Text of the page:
A subtropical plant, bougainvillea grows in areas that seldom receive winter frost. Even a light frost can damage or kill the plant. Young bougainvillea plants are at the most danger from freezes, but even mature plants are susceptible to damage. The bougainvillea may appear healthy immediately following a frost, but within a few days, the leaves fall off and the plant begins to decline. Protecting outdoor bougainvillea at the first threat of frost may allow you to save the plants.
Water the bougainvillea thoroughly the day before the expected frost. Moisten the top 8 inches of soil, but avoid over-watering that leads to standing water or soggy soil.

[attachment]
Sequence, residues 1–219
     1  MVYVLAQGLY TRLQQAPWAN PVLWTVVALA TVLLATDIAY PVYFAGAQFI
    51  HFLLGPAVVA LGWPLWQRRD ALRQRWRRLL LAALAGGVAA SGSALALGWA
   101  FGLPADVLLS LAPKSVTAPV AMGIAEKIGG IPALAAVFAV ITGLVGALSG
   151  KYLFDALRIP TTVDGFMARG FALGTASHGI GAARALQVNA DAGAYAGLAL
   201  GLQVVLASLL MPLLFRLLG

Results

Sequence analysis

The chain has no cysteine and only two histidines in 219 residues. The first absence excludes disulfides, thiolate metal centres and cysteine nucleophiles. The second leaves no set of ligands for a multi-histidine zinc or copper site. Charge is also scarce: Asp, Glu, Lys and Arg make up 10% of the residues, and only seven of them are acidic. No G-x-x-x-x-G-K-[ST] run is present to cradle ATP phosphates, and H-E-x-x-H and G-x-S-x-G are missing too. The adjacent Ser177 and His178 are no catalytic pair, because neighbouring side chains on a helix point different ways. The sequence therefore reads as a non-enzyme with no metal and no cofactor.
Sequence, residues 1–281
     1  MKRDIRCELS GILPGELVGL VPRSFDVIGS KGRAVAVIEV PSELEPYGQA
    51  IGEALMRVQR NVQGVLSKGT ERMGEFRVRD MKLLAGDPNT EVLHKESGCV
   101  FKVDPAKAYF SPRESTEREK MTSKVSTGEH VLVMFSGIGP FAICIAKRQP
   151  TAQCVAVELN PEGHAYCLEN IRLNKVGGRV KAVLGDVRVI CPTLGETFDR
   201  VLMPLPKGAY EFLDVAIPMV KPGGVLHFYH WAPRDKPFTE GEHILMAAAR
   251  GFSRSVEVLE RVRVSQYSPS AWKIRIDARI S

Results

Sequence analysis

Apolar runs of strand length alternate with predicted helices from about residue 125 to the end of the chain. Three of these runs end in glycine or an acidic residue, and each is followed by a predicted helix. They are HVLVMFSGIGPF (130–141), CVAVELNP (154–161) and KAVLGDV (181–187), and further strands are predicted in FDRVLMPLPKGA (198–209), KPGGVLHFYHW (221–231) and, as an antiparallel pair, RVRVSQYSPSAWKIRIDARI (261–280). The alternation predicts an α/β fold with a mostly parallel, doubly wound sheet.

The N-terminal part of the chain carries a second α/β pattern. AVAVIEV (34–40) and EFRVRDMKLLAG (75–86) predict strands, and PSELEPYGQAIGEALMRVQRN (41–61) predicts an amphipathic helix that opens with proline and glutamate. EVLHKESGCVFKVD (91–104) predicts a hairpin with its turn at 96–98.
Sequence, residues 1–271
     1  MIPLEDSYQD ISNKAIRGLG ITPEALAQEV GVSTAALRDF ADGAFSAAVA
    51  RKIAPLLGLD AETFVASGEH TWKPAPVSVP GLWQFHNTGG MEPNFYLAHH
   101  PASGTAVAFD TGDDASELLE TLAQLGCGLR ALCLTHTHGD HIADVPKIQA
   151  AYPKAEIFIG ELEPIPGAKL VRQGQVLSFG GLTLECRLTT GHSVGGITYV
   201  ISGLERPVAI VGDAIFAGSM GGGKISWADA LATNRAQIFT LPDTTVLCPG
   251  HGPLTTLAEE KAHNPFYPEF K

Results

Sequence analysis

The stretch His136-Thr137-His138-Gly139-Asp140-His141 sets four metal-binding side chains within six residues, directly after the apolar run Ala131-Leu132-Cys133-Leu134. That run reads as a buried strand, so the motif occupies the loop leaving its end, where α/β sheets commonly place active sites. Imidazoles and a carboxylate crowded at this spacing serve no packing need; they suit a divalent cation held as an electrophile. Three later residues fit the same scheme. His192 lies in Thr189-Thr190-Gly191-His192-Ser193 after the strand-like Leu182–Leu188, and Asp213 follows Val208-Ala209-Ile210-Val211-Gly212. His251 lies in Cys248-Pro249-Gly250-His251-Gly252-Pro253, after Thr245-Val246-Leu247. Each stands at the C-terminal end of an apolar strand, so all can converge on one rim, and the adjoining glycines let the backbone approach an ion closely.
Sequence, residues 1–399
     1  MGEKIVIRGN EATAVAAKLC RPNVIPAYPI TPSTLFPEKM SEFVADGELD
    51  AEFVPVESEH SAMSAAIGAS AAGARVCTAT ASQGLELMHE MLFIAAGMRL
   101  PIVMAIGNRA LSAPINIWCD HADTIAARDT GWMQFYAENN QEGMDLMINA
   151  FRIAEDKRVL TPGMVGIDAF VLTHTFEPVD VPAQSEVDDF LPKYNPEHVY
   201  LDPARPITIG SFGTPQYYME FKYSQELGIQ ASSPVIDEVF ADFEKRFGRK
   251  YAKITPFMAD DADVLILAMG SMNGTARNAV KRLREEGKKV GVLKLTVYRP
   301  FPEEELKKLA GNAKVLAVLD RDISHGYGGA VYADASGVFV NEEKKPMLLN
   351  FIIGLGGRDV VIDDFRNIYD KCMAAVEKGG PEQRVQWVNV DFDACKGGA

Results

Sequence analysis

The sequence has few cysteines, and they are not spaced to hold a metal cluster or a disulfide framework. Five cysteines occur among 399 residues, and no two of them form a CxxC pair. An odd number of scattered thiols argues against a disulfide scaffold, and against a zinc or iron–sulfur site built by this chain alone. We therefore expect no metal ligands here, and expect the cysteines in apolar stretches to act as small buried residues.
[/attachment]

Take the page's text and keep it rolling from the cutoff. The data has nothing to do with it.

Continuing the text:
Spread a 4-inch layer of mulch around the base of the bougainvillea. The mulch helps insulate the soil and protects the crown of the plant.
Place a sheet of plastic or a blanket over the bougainvillea before the temperatures drop below freezing. Arrange the blanket so it doesn't touch the plant, using stakes to hold it away from the foliage if necessary.
Place a string of incandescent holiday lights under the blanket and around the bougainvillea. The warmth from the lights helps raise the temperature under the covering.
Use rocks or soil to anchor the bottom of the blanket to the ground. The blanket traps the warmth rising from the ground, protecting the bougainvillea.
If your area is prone to prolonged freezes, plant bougainvillea in pots and bring them indoors to overwinter.
Tips and warnings
- If your area is prone to prolonged freezes, plant bougainvillea in pots and bring them indoors to overwinter.